The filing of such false cases casts a doubt on the veracity of allegations filed by actual victims of sexual harassment, thereby setting back The Delhi High Court recently expressed its anguish at the way cases of sexual harassment are registered “at the drop of a hat”, stating that this effectively hampers the cause of woman empowerment.

10.Disclose information of persons for purpose of investigation: Delhi High court [State, Government of NCT of Delhi (GNCTD) v. Unique Identification Authority of India (UIDAI)].

 The Delhi High Court last week directed the Unique Identification Authority of India (UIDAI) to disclose information pertaining to around 450 persons who were allegedly issued fake Aadhaar cards for the purpose of enrolment in training for civil defence.

11.No single party can be permitted to unilaterally appoint arbitrator: Delhi High Court [Envirad Projects Private Limited v. NTPC Limited].

The Delhi High Court has reiterated that unilateral appointment of an arbitrator by a party is impermissible in law and such appointment has to be made with the consensus of the parties involved or by the Court.

12.Husband has means to pay maintenance; having Virat Kohli as brand ambassador of company proof: Delhi court

A plea by a man claiming he cannot pay interim maintenance to his estranged wife since he was without any income, was rejected by a Delhi court on the ground that the company where he worked as the Director has Indian cricket captain Virat Kohli as its brand ambassador, which showed that the petitioner-husband was a “man of means”.

13.Wife entitled to maintenance from husband even if she lives in matrimonial home: Delhi Court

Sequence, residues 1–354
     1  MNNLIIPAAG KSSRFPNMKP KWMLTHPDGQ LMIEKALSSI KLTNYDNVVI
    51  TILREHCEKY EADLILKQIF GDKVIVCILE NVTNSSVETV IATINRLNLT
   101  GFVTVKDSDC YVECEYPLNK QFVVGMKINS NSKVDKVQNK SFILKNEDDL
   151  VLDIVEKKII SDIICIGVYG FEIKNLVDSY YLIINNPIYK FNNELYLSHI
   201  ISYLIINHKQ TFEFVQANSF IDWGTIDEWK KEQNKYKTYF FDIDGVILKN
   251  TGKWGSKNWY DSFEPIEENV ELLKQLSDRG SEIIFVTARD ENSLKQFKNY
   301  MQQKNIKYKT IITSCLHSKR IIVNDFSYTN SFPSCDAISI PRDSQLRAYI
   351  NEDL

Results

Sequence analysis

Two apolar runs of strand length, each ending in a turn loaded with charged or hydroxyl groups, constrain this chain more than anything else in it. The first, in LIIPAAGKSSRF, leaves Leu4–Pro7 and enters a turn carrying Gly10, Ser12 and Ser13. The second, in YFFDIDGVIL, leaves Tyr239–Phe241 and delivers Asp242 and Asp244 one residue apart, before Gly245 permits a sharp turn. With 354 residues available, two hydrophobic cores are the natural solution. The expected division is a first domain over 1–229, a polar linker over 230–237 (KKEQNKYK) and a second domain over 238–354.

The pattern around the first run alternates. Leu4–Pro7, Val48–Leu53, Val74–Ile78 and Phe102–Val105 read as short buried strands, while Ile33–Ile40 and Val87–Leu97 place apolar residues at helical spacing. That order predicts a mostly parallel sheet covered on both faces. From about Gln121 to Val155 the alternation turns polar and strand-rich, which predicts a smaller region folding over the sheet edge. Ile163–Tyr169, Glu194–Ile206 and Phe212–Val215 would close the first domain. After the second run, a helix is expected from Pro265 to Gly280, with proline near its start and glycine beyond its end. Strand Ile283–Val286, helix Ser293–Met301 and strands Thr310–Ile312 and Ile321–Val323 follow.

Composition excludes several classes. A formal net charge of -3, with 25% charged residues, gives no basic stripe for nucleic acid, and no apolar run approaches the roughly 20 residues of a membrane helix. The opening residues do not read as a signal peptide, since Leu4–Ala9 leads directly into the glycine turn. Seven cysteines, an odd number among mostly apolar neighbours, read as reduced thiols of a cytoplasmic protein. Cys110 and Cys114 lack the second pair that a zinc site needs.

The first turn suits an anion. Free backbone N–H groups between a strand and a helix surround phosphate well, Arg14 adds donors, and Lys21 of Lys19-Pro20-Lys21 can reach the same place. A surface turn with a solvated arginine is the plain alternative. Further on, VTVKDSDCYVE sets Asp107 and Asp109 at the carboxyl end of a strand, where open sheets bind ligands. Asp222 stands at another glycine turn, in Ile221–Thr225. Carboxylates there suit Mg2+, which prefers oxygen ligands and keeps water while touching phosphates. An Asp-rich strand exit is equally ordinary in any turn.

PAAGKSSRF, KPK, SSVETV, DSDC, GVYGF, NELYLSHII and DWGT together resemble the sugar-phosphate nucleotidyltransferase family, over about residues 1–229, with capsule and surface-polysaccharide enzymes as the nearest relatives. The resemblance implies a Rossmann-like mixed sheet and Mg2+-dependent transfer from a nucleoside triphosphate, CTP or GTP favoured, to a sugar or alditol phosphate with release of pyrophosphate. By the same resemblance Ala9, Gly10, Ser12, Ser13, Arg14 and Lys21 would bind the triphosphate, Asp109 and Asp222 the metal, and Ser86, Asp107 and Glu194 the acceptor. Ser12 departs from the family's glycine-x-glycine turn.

A Delhi court while allowing a woman’s plea for interim maintenance ruled that a wife is entitled to maintenance from her estranged husband even if she lives in the same household, observing that it was a common scenario in Indian households “where a victim of domestic violence is deprived of basic necessities”.

 14.Allowing illegally intercepted telephonic conversations as evidence violation of fundamental rights: Delhi High Court

The Delhi High Court has held that permitting illegally intercepted messages or audio conversations as evidence would lead to manifest arbitrariness and promote scant regard to the fundamental rights of the citizens. The high court said as per the provisions of the Telegraph Act, an order for interception can be issued on either the occurrence of any public emergency or in the interest of public safety as per the law laid down by the Supreme Court.

15.Nature of relationship cannot put same offence on different pedestal: Delhi High Court [RIT Foundation v The Union of India]

The Delhi High Court questioned the rationale in discriminating between married and unmarried women when it comes to non-consensual sex and the impact it has on their dignity.